In retrospect, greenlighting the Seinfeld pilot has probably been one of the best decisions to ever come out of NBC. Since the show ended its nine-year run in 1998, repeat airings of the sitcom have generated a whopping $3.1 billion. Seinfeld is currently celebrating its 25th anniversary, and it continues to be a milestone in pop culture.
Before Seinfeld, the majority of sitcoms were fairly simplistic in terms of plot and character development. Seinfeld changed the game with its cast of four distinct protagonists, who each had their own unique story to tell. Sometimes plots would overlap and occasionally one of the characters would disappear entirely from several episodes at a time (due to either story constraints or real-life issues), but there was never a sense of imbalance. At the time, attempting to juggle so many plots coherently was a revolutionary concept for network television. Even today, it remains difficult to find a show which does not have an established formula designed to keep things as simple as possible for the audience.
Set in New York City, Seinfeld chronicled the misadventures of the eponymous Jerry, his ex-girlfriend Elaine, his neighbor Kramer, and his friend George. Part of the appeal of the show was its frequent use of metareference, a technique employed where characters in a creative work display awareness of playing a role within that work. Season four of the sitcom primarily featured the antics of Jerry and George attempting to pitch an idea for a new television show that closely resembled Seinfeld to NBC. The show also made frequent usage of real people and brand names. In the show the character Elaine was employed by the J. Peterman Catalog while George worked for the New York Yankees, respectively. The cereal boxes frequently seen in Jerry’s kitchen are actual brands.
Seinfeld long purported itself to be a show about “nothing,” but a close examination reveals hidden layers. According to series co-creator Larry David, the show was designed to observe the minutiae not typically depicted in a sitcom. In some instances, entire episodes were centered on the four main characters waiting to be seated at a Chinese restaurant or getting lost in a parking deck. While seemingly insignificant, the plots actually serve as an avenue to the real subject matter. At its core, Seinfeld is about four narcissistic individuals who each fulfilled a role typically seen in modern society. The show is a satire of the inner workings of daily life. That is Seinfeld’s true genius, and why it is still being celebrated as a milestone.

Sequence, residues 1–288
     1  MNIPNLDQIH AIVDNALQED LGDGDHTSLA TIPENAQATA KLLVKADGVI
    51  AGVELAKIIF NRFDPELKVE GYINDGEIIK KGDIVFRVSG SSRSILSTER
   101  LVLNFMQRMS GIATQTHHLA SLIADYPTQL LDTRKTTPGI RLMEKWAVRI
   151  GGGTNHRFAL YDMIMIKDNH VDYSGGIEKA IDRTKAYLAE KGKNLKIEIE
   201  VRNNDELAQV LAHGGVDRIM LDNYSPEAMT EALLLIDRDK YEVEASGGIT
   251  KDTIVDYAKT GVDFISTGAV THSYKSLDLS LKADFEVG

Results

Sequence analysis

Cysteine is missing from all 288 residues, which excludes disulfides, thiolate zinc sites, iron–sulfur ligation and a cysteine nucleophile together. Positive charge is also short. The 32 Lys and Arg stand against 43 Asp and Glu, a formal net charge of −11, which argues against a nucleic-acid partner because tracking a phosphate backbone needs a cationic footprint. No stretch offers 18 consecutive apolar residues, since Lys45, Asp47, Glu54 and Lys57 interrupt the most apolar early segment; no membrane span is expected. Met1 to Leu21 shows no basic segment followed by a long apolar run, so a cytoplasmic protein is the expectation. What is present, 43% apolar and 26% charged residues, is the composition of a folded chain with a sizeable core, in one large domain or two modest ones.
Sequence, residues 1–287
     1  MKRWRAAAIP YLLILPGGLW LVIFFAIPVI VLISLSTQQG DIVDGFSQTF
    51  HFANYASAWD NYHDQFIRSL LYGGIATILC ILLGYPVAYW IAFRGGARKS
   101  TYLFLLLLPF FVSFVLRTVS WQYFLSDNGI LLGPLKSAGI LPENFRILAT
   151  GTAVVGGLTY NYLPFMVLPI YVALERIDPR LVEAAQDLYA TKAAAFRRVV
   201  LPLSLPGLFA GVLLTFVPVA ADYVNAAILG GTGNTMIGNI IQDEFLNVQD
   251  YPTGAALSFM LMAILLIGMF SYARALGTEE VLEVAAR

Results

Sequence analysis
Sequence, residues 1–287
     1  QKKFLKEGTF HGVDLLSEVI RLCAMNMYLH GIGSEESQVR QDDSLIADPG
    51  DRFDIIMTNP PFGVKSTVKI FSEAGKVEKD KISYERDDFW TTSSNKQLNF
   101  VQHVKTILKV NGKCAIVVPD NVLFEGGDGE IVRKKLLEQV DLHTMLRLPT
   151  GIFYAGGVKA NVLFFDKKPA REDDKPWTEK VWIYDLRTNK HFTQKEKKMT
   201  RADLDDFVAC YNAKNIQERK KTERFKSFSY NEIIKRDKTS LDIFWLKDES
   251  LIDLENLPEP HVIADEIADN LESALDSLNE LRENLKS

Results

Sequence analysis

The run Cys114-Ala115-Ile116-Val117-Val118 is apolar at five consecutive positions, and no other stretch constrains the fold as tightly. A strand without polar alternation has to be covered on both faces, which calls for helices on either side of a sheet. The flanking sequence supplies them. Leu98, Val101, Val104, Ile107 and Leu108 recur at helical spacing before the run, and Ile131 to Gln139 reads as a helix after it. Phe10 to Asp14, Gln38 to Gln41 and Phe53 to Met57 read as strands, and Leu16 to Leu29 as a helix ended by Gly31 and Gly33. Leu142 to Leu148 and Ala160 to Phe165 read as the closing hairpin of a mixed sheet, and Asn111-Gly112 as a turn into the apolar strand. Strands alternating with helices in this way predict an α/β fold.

The sitcom has spawned a veritable plethora of catch phrases and oft-repeated references. Popular phrases such as “No soup for you!” and “master of your domain” continue to seamlessly integrate themselves into conversations today.
Industry estimates cite co-creators Jerry Seinfeld and Larry David have earned $400 million after negotiations for a fifth round of syndication deals pushed total earnings for the show past $3 billion. The pair continues to benefit from profit-sharing deals with Warner Brothers, which currently owns the show. Seinfeld was initially rejected by Fox and took time to establish an audience, but it is now celebrated as a milestone in television.
Opinion by Sam Williams